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John Oxley Library

Kit bags wanted

By Marg Powell, Specialist Library Technician, Metadata Services | 18 December 2014

On this day in 1914, in the Brisbane Courier -

In September 1914, the Defence Minister revealed that extra kit bags were required for the troops, for use during the voyage overseas. The regulation bag, with which they were issued, containing the items required for service in the field, would be stored in the hold for the duration of the voyage. Extra kit bags were required for storage of their personal effects and to be hung beside their hammocks.

"Piles of kit bags at the AIF kit store in Egypt. Each kit bag, marked with the soldier's service number and surname, contains a soldier's spare uniform, boots and personal effects. A soldier's bag is sent to the Base when he proceeds on service overseas."

Every state was issued with a quota of bags and instructions were supplied for their construction and supply to the Army barracks in each capital city, directly or via volunteer aid societies.

During the First World War, Red Cross societies across Australia knitted and sewed garments for soldiers, sent parcels to prisoners of war, met trains to welcome them home with gifts and were also part of the international Red Cross network, which tried to trace missing soldiers, sadly an aspect of their work which continues today.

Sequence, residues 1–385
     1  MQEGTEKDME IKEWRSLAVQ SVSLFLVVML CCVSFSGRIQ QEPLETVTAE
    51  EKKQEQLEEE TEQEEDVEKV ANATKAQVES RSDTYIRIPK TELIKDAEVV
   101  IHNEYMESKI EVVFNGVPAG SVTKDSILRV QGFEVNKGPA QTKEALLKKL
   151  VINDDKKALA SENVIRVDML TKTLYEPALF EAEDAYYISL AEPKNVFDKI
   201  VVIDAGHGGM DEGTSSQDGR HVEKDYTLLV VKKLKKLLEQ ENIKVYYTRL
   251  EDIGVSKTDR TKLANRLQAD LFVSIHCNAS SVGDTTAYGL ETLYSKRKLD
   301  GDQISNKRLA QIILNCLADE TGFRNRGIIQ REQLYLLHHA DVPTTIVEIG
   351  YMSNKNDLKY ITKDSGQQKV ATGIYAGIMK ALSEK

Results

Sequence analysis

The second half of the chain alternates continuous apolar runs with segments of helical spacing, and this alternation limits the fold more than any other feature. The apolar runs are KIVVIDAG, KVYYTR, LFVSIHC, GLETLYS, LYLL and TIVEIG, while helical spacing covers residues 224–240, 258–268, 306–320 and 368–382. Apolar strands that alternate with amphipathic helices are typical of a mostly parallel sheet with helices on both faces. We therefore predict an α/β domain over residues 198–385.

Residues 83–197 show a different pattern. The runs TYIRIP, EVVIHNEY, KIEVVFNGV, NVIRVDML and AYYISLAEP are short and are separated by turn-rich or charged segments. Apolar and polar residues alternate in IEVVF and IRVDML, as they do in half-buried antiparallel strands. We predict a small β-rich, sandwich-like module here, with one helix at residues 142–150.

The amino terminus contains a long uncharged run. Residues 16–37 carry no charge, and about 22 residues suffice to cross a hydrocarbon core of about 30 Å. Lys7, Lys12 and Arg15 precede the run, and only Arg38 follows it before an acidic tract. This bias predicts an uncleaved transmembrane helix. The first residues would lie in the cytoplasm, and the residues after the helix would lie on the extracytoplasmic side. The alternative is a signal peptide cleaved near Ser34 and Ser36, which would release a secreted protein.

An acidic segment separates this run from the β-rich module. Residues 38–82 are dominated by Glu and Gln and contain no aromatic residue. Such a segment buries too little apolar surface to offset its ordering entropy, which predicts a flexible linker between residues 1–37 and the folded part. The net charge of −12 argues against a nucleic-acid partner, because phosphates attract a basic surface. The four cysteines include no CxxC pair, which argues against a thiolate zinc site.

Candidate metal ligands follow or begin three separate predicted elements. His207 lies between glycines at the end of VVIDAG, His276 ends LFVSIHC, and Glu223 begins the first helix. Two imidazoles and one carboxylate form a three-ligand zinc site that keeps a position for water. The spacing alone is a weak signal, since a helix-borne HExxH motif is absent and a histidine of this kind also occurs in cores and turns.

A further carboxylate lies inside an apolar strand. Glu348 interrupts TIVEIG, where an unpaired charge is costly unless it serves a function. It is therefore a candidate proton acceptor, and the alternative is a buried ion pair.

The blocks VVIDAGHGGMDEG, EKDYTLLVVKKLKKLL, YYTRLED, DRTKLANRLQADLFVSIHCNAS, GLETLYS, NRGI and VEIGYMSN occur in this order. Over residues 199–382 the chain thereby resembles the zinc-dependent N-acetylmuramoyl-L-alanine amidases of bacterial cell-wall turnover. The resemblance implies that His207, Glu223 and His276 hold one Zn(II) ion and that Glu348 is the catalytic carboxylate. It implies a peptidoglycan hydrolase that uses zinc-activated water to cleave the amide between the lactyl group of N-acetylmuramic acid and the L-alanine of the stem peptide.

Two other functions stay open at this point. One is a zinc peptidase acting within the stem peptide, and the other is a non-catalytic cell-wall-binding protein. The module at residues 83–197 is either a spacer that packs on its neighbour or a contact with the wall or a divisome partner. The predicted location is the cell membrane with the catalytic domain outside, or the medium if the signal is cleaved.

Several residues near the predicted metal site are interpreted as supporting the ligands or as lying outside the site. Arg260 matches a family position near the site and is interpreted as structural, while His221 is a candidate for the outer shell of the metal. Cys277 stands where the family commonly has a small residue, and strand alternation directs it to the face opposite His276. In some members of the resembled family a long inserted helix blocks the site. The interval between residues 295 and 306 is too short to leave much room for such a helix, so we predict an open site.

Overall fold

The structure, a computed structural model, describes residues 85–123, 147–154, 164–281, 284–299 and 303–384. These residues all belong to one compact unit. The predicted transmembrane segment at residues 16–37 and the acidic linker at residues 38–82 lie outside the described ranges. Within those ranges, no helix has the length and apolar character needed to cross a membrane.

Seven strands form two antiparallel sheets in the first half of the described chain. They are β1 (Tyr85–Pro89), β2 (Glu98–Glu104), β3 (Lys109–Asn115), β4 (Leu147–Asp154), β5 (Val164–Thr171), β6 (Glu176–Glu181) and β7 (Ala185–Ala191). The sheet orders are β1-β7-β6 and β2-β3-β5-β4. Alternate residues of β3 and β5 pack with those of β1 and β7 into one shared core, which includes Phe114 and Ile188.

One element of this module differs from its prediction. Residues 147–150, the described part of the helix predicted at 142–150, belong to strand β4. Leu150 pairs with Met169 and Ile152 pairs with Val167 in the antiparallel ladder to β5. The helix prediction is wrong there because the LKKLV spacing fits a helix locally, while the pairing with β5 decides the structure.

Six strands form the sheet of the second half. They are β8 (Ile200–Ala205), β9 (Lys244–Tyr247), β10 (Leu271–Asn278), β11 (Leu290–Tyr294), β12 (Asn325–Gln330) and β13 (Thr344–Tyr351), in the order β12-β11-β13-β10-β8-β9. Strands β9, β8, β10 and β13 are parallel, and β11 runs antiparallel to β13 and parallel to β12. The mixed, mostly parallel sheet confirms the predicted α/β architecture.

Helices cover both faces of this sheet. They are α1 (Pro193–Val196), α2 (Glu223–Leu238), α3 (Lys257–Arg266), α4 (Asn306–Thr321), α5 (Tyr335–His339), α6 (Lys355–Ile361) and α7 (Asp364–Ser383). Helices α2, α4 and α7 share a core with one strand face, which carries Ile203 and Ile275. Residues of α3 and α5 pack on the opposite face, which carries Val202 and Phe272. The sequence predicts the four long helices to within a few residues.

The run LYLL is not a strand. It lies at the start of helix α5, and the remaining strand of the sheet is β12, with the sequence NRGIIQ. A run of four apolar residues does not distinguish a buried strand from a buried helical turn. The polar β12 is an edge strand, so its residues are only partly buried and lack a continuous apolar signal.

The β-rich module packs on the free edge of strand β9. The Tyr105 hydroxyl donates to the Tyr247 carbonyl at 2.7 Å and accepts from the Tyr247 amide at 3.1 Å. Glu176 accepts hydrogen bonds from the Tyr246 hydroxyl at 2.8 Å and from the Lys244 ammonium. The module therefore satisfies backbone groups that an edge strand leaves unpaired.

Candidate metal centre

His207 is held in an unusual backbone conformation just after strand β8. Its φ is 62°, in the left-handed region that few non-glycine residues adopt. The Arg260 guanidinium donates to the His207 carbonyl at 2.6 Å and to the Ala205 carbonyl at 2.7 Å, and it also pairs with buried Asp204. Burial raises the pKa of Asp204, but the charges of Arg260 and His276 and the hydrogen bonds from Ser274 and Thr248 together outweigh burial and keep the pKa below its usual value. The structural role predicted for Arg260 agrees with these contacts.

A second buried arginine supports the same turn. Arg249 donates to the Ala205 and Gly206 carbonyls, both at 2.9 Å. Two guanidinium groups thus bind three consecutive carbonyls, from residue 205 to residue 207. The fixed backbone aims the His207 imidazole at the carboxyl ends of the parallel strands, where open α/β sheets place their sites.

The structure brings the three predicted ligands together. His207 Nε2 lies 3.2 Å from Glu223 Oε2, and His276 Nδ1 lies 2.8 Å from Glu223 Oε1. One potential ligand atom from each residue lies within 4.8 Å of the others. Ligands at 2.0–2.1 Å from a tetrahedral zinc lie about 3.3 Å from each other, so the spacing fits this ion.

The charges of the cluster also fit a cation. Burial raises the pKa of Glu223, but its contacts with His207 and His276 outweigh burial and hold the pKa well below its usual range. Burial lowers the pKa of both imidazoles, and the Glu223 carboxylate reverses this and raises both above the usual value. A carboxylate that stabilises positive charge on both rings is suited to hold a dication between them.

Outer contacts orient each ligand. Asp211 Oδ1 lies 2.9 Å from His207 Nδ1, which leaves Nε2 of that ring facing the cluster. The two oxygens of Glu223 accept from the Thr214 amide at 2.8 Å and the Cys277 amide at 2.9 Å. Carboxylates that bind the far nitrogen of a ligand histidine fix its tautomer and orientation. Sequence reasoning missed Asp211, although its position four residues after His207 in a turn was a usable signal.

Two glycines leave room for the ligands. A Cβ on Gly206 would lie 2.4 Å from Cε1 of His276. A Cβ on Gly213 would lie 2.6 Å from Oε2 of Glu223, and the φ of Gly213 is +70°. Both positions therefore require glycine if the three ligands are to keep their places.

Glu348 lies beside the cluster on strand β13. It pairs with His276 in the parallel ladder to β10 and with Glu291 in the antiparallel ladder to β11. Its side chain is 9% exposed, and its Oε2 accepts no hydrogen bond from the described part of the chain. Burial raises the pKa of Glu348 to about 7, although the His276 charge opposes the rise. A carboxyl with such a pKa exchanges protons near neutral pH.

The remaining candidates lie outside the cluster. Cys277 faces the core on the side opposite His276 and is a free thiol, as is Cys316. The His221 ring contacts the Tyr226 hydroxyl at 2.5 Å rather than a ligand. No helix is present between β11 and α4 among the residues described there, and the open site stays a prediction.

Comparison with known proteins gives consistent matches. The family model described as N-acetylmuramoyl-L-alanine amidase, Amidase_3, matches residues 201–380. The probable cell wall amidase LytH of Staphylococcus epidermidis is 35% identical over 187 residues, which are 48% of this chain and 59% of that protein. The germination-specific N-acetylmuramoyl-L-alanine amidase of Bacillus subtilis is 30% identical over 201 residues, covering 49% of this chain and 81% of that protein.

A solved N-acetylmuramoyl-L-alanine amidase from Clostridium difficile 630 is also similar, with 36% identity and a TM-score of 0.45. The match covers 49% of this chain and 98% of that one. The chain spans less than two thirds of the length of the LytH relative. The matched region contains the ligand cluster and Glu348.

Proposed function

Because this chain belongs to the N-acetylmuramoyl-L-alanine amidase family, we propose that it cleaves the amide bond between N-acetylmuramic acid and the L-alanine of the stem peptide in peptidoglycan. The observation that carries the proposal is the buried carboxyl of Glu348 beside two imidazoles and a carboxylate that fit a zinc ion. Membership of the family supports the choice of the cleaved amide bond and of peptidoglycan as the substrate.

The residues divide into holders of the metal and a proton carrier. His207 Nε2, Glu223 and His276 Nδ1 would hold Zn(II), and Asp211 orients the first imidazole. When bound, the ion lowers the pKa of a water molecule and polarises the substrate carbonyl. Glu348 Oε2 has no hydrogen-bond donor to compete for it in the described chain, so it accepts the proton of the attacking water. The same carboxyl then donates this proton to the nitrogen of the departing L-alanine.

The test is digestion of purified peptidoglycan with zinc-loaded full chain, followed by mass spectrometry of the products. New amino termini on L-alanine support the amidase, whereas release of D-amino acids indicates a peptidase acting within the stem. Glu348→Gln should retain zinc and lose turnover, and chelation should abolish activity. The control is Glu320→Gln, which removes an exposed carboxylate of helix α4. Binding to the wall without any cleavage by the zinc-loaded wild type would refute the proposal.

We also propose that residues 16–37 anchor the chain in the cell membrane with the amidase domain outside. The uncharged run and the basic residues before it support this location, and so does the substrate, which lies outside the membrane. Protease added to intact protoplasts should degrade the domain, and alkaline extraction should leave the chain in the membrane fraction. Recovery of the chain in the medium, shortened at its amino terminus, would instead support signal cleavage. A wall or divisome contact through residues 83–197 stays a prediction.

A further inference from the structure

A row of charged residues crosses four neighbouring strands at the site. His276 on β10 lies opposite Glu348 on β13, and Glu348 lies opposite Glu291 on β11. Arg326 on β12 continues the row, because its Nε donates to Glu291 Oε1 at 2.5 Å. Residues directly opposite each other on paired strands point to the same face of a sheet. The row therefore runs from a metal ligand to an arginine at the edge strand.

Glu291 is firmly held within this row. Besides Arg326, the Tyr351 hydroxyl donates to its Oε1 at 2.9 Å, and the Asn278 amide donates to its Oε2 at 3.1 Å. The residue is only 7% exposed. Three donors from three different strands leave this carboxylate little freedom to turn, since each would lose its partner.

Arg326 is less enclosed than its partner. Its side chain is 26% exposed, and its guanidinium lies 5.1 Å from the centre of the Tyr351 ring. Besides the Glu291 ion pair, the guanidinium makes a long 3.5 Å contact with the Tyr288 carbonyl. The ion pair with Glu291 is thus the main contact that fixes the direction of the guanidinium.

The volunteer members of one Red Cross Society in the Northern District of Tasmania, produced by hand more than 40,000 items in one year, including, shirts, pyjamas, belts, socks, helmets, scarves, mitts, towels, sheets, bandages, hospital swabs and cloth kit bags.

When soldiers went to fight in the front lines, their kits were left behind, hopefully to be collected on their return. The painted kitbag depicted below was obviously the property of Corporal, later Sergeant Maher. It has been skilfully personalised and fortunately has found its way into the collections at the Australian War Memorial.

Many “Soldiers’ Bags” were sent to hospitals containing necessities and comforts for wounded and convalescent men. When the men arrived, they usually had only what they stood up in - often clean sheets and pyjamas were worth more than any medical intervention could achieve.

This year, 2014 the Australia Red Cross commemorates its enduring legacy as it continues to assist those in need, in times of disaster and personal crisis.

Marg Powell | QANZAC 100 Content Technician


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